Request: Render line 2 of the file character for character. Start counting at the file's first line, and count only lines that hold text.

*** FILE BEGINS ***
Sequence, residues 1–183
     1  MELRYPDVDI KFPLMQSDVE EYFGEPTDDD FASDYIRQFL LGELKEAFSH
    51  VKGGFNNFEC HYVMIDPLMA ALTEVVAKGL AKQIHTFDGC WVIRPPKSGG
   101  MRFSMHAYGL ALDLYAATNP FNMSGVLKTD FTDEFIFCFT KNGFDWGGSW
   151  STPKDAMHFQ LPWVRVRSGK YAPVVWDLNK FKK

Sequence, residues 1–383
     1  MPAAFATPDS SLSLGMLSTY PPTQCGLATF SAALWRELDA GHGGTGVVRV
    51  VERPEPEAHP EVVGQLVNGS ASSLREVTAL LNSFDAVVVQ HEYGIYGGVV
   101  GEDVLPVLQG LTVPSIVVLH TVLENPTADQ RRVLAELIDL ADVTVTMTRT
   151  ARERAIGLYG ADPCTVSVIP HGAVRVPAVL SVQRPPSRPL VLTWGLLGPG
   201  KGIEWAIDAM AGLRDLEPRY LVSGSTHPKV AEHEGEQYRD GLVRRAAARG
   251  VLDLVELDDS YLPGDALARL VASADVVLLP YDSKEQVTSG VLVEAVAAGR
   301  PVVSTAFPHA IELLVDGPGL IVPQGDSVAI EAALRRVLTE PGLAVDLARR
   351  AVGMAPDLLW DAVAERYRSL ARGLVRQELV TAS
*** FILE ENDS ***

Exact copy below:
     1  MELRYPDVDI KFPLMQSDVE EYFGEPTDDD FASDYIRQFL LGELKEAFSH